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16 May 2014

What Happened?
As the reigning cold front early in the week passed the Cape, it briefly brought nigh temperatures down but this was replaced by warmer weather on Tuesday and Wednesday, in the absence of a strong high pressure cell. Solar heating provided sufficient energy to make this a mild, very typical autumn week. But conditions are gradually changing to winter and this is evidenced by a succession of cold front, scheduled for the weekend and again later next week, and driven by the South Atlantic High Pressure cell that has also grown in intensity. As the cold front moved to the east, it gained considerable strength as its core settled some 2000 south east of Madagascar. As it grew intensity, it created a major south to north airflow behind it, amplified by the succeeding high pressure cell.

This force was so powerful that it carried colder, dry, antarctic air right up to the southern limits of Tanzania and the DRC. One might wonder what this has to do with Namibia, but the impact is not negligible. These strong airflows from the south, pushed the so-called Inter-tropical Convergence Zone so far north that its southern extremity barely reaches northern Angola. The result is that our usual source of summer moisture sits over 1500 km away from our northern borders, meaning absolutely zero advection of moisture. Needless to say, this is also the most discernible indicator of the end of summer and the transition to winter. Later in the week, the passing high pressure cell made its influence felt over eastern South Africa. With the next South Atlantic High Pressure cell fairly close to the coastline, it means Namibia was squeezed between two highs, both from the east and from the south-west. Again, this only contributed to clear sunny skies, for the entire country, but it did lead to colder nights, now also noticeable in the Omaheke region. It is a rather unique feature of Namibia’s weather that it is mostly influenced by the position of the successive high pressure cells during winter. As the new high makes landfall, it brings colder air from the south and as the departing high lingers over eastern South Africa, the airflow at its upper rim, brings in cold from the east, dearly felt in the Gobabis district and the Kalahari along the Botswana border. This weekend, we will have just such a tandem high position, so expect colder nights.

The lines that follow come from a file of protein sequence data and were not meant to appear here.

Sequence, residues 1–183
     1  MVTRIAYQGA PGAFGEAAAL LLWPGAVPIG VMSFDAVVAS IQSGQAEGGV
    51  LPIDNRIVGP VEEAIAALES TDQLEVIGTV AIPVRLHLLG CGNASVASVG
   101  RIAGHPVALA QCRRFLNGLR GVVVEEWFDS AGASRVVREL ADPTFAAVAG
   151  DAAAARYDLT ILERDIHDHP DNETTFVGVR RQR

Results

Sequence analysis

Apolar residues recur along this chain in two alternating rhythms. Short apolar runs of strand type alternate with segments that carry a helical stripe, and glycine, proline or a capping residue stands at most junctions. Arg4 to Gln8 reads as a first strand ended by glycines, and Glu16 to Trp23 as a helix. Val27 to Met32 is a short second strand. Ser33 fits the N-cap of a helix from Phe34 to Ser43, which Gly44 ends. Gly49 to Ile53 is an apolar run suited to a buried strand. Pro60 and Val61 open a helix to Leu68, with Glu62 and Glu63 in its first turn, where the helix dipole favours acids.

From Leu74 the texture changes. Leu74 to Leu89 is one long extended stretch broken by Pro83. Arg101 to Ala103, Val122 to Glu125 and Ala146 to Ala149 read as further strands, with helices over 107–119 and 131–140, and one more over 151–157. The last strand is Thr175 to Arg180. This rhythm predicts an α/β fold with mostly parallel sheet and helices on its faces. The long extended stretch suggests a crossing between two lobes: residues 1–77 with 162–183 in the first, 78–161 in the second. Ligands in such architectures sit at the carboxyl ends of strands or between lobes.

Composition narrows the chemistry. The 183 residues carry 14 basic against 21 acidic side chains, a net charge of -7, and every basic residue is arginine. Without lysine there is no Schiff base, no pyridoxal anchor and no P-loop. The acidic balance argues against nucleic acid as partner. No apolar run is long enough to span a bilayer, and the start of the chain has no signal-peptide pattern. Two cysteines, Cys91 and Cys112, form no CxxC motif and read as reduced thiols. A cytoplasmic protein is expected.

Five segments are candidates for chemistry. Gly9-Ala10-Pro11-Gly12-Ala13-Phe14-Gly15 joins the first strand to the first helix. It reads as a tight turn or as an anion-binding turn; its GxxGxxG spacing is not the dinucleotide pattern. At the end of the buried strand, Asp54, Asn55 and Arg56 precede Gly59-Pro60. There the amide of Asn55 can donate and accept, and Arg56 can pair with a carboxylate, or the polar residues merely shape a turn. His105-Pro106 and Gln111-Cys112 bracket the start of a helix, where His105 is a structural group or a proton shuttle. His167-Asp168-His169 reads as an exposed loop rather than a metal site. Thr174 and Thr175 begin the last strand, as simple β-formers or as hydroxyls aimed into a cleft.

PS. See the summary of April and full season rainfall under weather, courtesy of the Namibia Meteorological Service.

What’s Coming?
The two high pressure systems dominate the weather. The approaching South Atlantic High makes landfall by Friday leading to a sudden drop in temperature and windy (south western) conditions on the southern half of the coastline. The preceding high remains over South Africa for the weekend slowly drifting to the east. Between the two very prominent highs is a weak low pressure area. This is indicated on synoptic maps as an extended cold front reaching up to the Orange River. However the cold front is not very strong, and except for the stretch of coastline Oranjemund to midway between Lüderitz and Walvis Bay, the effect will not be dramatic. For the rest of the country, i.e. the interior plateau, sunny day conditions with cooler, and even cold nights are expected from Sunday evening onwards for about two days. The cold front, does however, push along a trough (low pressure band), again reaching all the way from Angola to Agulhas. It is rather weak, and the source of moisture is depleted, so very little in terms of late-summer precipitation is expected. As the trough shifts east by Tuesday, normal autumn conditions return. No Oosweer in sight for a week.

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